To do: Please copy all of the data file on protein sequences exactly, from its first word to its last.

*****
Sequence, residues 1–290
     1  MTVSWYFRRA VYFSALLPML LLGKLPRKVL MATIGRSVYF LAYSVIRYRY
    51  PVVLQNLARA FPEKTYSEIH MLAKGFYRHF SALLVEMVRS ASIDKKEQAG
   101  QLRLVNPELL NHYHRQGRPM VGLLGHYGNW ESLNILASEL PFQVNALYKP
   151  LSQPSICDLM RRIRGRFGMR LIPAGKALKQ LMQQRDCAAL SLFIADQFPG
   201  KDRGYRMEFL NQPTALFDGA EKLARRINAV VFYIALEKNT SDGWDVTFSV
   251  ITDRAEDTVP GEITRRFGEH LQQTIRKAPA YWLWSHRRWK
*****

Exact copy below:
Sequence, residues 1–290
     1  MTVSWYFRRA VYFSALLPML LLGKLPRKVL MATIGRSVYF LAYSVIRYRY
    51  PVVLQNLARA FPEKTYSEIH MLAKGFYRHF SALLVEMVRS ASIDKKEQAG
   101  QLRLVNPELL NHYHRQGRPM VGLLGHYGNW ESLNILASEL PFQVNALYKP
   151  LSQPSICDLM RRIRGRFGMR LIPAGKALKQ LMQQRDCAAL SLFIADQFPG
   201  KDRGYRMEFL NQPTALFDGA EKLARRINAV VFYIALEKNT SDGWDVTFSV
   251  ITDRAEDTVP GEITRRFGEH LQQTIRKAPA YWLWSHRRWK